Don’t misunderstand me, I believe this was God’s purpose and plan all along but the Jewish religious authorities have satisfied themselves with a substitute. They claimed to be seeking God, to be fasting in an effort to repent and let His power work in them even as they mocked God’s true purpose of “breaking the chains of wickedness, of setting the oppressed free, of sharing bread with the hungry, of clothing the naked and inviting the homeless into their homes. If you try and patch what God is doing through Jesus onto the old ways – the old garment, it will tear it worse than it is now torn. If you try and pour this new wine of God’s redemptive work into old skins, they’ll burst as it begins to mature and develop. Think I’m kidding? Watch what happens next.

Mark tells us that Jesus and His disciples were walking through some grain fields on a Sabbath. As they did, the disciples were hungry and began to pick and eat some of the grain. While we aren’t sure why these Pharisees happened to be standing near enough to observe the disciples’ actions, they challenge Jesus on it. Jesus responds by reminding them of the story of David in 1 Samuel 21. David and his “mighty men” are hiding from Saul and are hungry. David goes to the priest, Ahimilech, and requests bread for him and his men. Ahimilech grants the request, with one condition: the men must have been keeping themselves from women and consecrated to God. David assures him that they have kept themselves consecrated to God and the bread is given to satisfy their hunger.

Jesus then makes a statement that must have blown their minds: “The Sabbath was made for man and not man for the Sabbath. Therefore, the Son of Man is Lord even of the Sabbath.” Wow! The very Messiah that these “pious” religious leaders claimed to seek has now come and is showing them how their human rules and regulations regarding the Sabbath observance are not honoring God but are ignoring Him and His intentions for the Sabbath worship. God wanted their observance of the Sabbath to draw them close enough to Him so that they could feel His love for them and their fellow man, instead they’d used it to develop rules and regulations that did the exact opposite. Their Sabbath regulations hadn’t drawn them closer to the heart of God but had driven them further away. Their rituals hadn’t resulted in righteousness but had resulted in rituals that despised the mercy of God and ignored the needs of men.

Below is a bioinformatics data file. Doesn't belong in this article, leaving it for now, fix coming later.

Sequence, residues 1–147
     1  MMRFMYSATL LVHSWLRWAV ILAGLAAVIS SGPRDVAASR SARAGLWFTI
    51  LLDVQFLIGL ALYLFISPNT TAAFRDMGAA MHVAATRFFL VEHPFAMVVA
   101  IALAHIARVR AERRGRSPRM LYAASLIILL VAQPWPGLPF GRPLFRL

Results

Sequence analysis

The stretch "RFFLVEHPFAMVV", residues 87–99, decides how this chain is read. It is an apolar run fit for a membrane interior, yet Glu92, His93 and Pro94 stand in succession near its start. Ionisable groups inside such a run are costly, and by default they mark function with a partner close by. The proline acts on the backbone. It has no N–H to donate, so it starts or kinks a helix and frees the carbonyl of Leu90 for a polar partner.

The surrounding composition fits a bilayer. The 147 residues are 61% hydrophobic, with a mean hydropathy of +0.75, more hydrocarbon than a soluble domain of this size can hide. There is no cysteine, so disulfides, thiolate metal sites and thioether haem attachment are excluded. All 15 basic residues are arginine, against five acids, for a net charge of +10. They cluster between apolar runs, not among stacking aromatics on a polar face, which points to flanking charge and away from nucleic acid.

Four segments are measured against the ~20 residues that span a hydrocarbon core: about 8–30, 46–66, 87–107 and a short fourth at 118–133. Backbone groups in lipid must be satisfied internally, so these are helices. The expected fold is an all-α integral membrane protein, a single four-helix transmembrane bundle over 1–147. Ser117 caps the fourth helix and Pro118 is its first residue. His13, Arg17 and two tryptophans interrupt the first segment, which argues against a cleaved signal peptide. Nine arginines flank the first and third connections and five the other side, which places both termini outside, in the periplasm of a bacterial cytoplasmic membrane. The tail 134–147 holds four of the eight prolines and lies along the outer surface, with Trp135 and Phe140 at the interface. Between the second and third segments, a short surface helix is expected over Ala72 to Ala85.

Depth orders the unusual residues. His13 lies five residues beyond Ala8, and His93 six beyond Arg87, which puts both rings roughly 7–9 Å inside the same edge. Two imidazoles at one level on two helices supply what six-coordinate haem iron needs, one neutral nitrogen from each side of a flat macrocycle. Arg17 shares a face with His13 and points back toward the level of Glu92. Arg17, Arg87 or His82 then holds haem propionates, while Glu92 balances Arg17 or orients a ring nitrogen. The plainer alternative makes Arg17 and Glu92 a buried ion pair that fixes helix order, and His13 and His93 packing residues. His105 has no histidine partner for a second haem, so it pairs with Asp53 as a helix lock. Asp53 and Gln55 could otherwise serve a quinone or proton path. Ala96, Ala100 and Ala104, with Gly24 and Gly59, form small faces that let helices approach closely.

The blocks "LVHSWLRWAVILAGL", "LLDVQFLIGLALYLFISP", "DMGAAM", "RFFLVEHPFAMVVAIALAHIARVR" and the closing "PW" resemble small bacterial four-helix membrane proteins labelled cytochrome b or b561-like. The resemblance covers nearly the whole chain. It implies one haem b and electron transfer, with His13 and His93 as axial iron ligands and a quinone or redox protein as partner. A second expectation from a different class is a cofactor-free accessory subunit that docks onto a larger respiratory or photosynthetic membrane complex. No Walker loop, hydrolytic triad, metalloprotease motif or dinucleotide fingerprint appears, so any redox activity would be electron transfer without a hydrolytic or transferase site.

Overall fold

Let me ask you, is your worship drawing you near enough to God to feel His heartbeat, to sense His Spirit, to gasp in awe at His mercy and love for mankind? Or has it blinded you to these things? He told us in Isaiah 58 that our fasting is false if all it does is make us “look” religious while those around us go hungry, shiver in the cold, or wander homeless. I started out suggesting that we don’t really grasp the concept of fasting because we don’t really grasp the concept of self-denial in an effort to find God.

In other words, we are “so full of ourselves” we have no room for God and no desire to truly find Him. We tend to see religious observance as a “means to an end”. We’re not really looking for God, we’re looking for what we can GET out of Him. For some, they get position, prestige and power. For others, they get material blessings and the avoidance of eternal punishment in Hell. There are many and varied reasons to falsely worship, to venerate a day or to create and follow a religious ritual or rule and most of them have little to do with truly finding God and being transformed by His presence.

That’s what Jesus was condemning in this passage and if we’ve done the same thing, then we stand condemned by Him, too. If we’ve elevated some religious rule or ritual above the heartbeat of God – which is His love for mankind – then we need to hear the stinging rebuke of Jesus’ condemnation for these Pharisees: “The Sabbath was made for man and not man for the Sabbath. Therefore, the Son of Man is Lord even of the Sabbath.” God has not called us to gather in worship today just to perform our rituals. No! He has called us to gather in worship so that we can hear His heartbeat, sense His Spirit, know His presence and be transformed by His mercy. His transforming presence would then drive us to turn and feed our hungry brother, clothe the naked child, comfort the grieving widow, and seek justice for our oppressed neighbor.

Is our worship just ritual or is it real?